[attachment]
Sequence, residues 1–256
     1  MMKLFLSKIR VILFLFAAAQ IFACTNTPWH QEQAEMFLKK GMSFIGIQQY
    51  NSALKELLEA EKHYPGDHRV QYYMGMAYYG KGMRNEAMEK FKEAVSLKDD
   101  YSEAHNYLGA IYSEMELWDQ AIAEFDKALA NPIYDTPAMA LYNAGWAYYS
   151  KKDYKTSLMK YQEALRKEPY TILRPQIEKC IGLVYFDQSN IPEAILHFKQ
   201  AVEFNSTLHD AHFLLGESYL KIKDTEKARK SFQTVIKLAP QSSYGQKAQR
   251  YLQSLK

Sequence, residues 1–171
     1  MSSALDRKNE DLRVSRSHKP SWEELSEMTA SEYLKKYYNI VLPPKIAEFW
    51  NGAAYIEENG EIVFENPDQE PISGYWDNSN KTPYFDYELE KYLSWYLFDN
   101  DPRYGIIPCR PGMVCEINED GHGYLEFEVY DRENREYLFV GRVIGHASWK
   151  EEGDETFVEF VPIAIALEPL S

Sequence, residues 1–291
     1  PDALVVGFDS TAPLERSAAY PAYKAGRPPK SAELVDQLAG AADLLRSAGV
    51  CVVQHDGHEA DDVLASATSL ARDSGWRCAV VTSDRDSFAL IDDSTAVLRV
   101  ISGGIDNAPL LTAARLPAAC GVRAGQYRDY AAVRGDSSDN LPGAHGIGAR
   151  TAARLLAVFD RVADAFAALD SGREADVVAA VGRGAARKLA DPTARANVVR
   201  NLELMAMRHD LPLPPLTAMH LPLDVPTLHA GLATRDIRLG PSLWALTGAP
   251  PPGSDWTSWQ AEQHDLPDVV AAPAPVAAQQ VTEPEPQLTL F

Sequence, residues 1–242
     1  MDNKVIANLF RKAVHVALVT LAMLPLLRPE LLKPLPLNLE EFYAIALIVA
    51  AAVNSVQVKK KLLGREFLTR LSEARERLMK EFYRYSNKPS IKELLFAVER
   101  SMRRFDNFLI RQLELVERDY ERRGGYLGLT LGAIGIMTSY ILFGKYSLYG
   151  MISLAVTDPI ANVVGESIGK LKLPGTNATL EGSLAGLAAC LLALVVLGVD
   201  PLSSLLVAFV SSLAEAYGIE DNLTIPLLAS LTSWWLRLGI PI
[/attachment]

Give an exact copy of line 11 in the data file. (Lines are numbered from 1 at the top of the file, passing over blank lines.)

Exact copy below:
   101  DPRYGIIPCR PGMVCEINED GHGYLEFEVY DRENREYLFV GRVIGHASWK